Linda Strader, one of the U.S. Forest Service's first female firefighters in the 70's, shares an inspiring piece about overcoming life's challenges against insurmountable odds.
I left early. A little snow and ice challenged me on this cold and blustery day. I reached the summit, my knees trembling from the precarious exposure. It’d been years since I’d stood on this volcanic pillar, with expansive views in every direction. I shed my gear, huddled out of the wind as best I could, and opened the old Army ammunition box to sign-in. With my frozen fingers grasping the pencil stub, I wrote:
I never thought I’d ever hike again, much less make it to the top. But I’m here!
"I never thought I'd ever hike again, much less make it to the top"
Ecstatic, I jumped up and screamed, “Woo-hoo!” flailing my arms. Seconds later another hiker joined me. Embarrassed, I wondered if he’d heard me. We exchanged greetings, hollering over the howling wind. He seemed friendly, so I yelled out the significance of my being there. He yelled back, “Congratulations!” Yes, indeed. I deserved congratulations.
Doors were now wide open. I can hike anywhere I want! I revisited every trail in the Santa Rita Mountains. Hiking connected me to my twenty-year-old self—the strong woman who used to be a firefighter.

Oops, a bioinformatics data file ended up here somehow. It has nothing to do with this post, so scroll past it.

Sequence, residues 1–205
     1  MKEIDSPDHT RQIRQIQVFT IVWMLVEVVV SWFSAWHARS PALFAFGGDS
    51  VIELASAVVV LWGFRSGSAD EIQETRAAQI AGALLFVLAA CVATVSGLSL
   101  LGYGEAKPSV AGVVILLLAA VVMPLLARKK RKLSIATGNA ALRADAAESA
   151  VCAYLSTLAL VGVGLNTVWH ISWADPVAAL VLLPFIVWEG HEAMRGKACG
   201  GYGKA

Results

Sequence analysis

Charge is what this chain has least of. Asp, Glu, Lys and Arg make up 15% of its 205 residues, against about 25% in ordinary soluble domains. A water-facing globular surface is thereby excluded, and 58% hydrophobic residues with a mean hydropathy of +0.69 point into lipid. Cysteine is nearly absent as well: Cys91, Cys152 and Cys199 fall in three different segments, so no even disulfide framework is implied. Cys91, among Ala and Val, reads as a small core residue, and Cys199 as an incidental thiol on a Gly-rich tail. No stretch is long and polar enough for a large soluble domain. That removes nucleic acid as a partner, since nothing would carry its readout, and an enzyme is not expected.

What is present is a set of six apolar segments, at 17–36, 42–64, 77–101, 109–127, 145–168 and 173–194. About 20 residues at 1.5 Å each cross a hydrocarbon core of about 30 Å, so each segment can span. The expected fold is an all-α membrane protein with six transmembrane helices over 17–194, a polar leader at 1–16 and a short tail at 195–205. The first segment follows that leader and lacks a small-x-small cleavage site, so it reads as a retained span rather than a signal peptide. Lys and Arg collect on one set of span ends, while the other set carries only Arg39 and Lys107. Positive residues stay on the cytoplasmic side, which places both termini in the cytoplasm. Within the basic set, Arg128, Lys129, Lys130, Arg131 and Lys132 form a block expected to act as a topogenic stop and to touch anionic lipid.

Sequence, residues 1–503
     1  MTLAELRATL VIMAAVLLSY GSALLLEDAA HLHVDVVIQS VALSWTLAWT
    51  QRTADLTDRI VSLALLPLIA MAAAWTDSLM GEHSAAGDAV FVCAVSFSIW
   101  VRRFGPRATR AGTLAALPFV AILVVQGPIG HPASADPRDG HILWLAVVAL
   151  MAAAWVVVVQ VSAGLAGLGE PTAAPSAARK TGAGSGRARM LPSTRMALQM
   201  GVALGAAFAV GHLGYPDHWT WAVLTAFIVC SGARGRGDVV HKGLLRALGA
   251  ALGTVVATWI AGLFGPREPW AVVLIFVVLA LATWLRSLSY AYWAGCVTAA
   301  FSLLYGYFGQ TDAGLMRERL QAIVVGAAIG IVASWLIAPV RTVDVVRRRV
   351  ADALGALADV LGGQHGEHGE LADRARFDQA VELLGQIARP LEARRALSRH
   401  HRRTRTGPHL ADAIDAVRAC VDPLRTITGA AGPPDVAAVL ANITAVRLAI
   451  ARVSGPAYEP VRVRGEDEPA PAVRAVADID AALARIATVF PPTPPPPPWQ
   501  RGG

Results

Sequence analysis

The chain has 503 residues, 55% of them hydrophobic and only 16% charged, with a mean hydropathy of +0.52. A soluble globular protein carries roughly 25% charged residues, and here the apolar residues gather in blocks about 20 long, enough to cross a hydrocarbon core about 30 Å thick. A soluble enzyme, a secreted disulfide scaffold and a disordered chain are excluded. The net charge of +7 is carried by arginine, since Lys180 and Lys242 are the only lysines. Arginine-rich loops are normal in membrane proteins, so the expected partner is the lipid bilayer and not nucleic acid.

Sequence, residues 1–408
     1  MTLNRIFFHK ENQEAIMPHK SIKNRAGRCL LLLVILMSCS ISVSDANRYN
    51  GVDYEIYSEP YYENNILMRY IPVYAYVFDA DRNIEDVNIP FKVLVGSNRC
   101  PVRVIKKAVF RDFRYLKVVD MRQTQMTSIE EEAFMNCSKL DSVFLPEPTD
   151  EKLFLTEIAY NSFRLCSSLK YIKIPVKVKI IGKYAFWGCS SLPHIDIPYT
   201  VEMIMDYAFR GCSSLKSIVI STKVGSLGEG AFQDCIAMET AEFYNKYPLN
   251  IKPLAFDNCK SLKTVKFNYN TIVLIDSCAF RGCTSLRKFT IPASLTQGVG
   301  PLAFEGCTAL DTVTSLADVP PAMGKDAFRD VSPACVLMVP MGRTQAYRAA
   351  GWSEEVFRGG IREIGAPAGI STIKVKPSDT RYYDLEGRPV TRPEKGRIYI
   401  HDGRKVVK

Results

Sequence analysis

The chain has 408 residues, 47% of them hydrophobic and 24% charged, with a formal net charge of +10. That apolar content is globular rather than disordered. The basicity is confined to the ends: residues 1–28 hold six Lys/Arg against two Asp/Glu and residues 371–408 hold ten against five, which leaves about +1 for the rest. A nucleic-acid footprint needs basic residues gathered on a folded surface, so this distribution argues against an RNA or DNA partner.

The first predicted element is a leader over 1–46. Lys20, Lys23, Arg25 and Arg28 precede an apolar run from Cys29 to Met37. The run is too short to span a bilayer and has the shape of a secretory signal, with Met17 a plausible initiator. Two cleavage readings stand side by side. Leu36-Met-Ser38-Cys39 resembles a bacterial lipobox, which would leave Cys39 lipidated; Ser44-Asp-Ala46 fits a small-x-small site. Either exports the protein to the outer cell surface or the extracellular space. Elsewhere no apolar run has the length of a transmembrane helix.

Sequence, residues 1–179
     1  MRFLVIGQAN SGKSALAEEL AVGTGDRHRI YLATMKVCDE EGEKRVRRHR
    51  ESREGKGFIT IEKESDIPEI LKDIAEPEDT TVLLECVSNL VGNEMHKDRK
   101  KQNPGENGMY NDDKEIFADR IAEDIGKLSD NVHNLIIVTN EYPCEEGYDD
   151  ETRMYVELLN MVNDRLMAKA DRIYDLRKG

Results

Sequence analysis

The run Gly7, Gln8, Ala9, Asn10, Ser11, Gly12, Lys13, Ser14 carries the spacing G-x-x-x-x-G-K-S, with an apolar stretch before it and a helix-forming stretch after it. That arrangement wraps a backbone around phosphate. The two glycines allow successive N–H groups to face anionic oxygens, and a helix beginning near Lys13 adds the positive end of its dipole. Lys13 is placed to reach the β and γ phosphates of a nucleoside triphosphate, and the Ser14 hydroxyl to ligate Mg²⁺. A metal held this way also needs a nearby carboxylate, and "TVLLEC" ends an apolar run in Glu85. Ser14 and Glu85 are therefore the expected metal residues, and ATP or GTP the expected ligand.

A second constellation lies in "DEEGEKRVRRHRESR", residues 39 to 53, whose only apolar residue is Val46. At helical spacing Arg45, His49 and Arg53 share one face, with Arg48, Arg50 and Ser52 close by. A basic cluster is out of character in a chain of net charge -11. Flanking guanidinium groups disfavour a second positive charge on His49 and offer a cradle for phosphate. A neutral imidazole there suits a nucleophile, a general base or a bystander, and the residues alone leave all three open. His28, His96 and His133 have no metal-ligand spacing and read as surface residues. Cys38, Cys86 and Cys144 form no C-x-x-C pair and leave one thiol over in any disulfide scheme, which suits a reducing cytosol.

My favorite trail to Florida Saddle, a tough, steep, rocky trek, didn’t offer views as grand as the trails to Mt. Wrightson, but here, Douglas firs reached their full potential, some so big it would take three people to wrap their arms around them. I greeted a familiar one, wrapping my arms around its ample girth. Thanks for waiting.
At the saddle, surrounded by these peaceful, majestic trees, I couldn’t help but think about my summers of fire in these very mountains. Despite everything that happened to me: discrimination, knee injuries, painful surgery and even more painful recovery—I had no regrets. I’d discovered that when you love what you do, it’s not called work.
"I'd discovered that when you love what you do, it’s not called work"
Someone asked me not too long ago if I missed firefighting. I’m not sure why I’d said “no,” because as soon as they walked away, I thought, of course I do.
My time as a firefighter will always be an important part of me. I still feel nostalgia for the camaraderie, the excitement, the glamour, the hard work—all of it.